A Poignant Note This Mom Gave Her Daughter's Husband On Their Wedding Day Resonates Even More After Her Death
Grief To Hope with Nikki Pennington/Facebook

Are you ready for some feels?

Because you are about to have ALL of them.


Nikki Pennington lost her mother five years ago to brain cancer.

The two were very close, and as such, it was very hard on Nikki.


Her mom had the ability to get Nikki to remain calm even in the face of severe anxiety. When she died, Nikki feared that would be lost.

It turns out, however, that Nikki's mom had passed on her wisdom to Nikki's husband in the form of a note.

The day my Mom died I called my husband. I said, 'My person is gone. The one that knew me and loved me with all my flaws. The one, the only one who could calm my fears, she's gone.'
Then he began to tell me a story about my Mom. A story about her that I never knew before because she didn't want me to know. You see on our wedding day; my Mom gave my husband a note. A note that was just for the two of them. A note with the title that said, 'How to be Nikki's person.'
It was a step by step guide on what she would say and do for me when my anxiety was taking over.
Step 1: Just listen
Step 2: Listen a little more
Step 3: Don't try and solve the problem
Step 4: Tell her you understand
Step 5: Keep listening until she's sorted it out on her own. She will, she always does. She doesn't know it yet, but she's had it figured out on her own all along.

Nikki's husband took on the responsibility ten-fold.

Nikki still misses her mom every day:


"My Mom gave up being my person not because she wanted to but because she wanted my husband to know how to be when she was no longer here," Pennington ended.

"She gave up being my person so that she could make sure I would always have one, no matter what."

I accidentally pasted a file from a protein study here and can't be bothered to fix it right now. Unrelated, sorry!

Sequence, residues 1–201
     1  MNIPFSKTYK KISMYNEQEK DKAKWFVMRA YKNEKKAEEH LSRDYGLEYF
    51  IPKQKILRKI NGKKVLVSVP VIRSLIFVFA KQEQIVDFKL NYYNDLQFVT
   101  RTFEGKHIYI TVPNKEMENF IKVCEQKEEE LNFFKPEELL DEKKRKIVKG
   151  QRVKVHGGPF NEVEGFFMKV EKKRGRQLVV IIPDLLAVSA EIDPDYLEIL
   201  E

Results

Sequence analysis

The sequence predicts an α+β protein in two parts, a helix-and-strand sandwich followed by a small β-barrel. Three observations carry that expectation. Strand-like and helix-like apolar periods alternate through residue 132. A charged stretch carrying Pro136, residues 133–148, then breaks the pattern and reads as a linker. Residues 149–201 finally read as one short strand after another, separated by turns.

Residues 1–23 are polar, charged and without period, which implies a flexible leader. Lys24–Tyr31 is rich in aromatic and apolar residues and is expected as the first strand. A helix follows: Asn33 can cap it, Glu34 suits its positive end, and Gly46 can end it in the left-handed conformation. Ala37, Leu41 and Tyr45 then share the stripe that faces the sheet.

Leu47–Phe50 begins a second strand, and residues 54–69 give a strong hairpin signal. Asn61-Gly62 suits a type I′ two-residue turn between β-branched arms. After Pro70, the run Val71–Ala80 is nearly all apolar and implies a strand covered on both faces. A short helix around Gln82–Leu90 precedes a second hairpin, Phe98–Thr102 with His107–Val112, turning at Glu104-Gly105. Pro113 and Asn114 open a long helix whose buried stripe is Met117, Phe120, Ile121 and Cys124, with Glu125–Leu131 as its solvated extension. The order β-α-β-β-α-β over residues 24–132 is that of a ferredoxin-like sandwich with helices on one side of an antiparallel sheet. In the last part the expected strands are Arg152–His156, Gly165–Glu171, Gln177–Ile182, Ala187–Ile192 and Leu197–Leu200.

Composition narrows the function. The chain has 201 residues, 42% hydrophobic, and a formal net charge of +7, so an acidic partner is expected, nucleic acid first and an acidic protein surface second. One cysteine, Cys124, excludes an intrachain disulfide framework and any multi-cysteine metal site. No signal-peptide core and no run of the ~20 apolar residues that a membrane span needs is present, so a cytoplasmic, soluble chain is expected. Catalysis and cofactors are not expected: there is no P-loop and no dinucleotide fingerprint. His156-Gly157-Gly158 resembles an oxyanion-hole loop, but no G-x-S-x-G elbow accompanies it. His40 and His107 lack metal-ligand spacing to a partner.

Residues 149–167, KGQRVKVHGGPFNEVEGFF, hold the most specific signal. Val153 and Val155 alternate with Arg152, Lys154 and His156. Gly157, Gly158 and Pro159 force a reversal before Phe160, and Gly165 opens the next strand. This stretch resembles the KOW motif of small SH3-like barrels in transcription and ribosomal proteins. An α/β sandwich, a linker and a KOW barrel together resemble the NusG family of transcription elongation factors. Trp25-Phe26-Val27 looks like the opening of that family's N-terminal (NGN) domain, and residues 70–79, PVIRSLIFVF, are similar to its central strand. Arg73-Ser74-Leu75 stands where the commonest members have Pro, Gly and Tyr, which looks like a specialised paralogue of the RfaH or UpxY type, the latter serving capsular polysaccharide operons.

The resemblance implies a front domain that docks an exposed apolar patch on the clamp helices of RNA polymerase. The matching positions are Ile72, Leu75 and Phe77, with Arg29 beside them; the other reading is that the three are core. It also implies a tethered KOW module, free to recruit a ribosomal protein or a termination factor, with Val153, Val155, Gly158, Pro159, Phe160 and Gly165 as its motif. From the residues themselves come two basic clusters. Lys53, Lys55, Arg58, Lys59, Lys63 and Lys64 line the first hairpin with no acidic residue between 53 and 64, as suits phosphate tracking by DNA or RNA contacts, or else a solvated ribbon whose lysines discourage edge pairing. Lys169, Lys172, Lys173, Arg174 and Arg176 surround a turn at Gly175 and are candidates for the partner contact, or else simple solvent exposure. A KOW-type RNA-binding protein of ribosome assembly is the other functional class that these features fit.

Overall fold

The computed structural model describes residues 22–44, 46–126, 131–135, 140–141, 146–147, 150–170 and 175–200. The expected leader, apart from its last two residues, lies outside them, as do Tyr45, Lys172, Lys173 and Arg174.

Pennington runs her own blog called Grief To Hope. Pennington identifies herself as a "motherless daughter" and most of her posts revolve around her relationship to grief.

The loss of a parent actually biologically and psychologically changes a person.

"In the best case scenario, the death of a parent is anticipated and there is time for families to prepare for the loss, say their goodbyes, and surround themselves with support," psychiatrist Dr. Nikole Benders-Hadi told Fatherly.

"In cases where a death is unexpected, such as with an acute illness or traumatic accident, adult children may remain in the denial and anger phases of the loss for extended periods of time…[leading to] diagnosis of Major Depressive Disorder or even PTSD, if trauma is involved."





On grief, Pennington blogged:


"The truth is, there is no wrong way to grieve and there is no right way either. If there was then there wouldn't be a whole world full of people missing someone because we would all have it figured out and we don't. We are just all out there grieving and missing someone and trying to keep their memory alive the best we can."





"Well Mom, you will still forever be my person."

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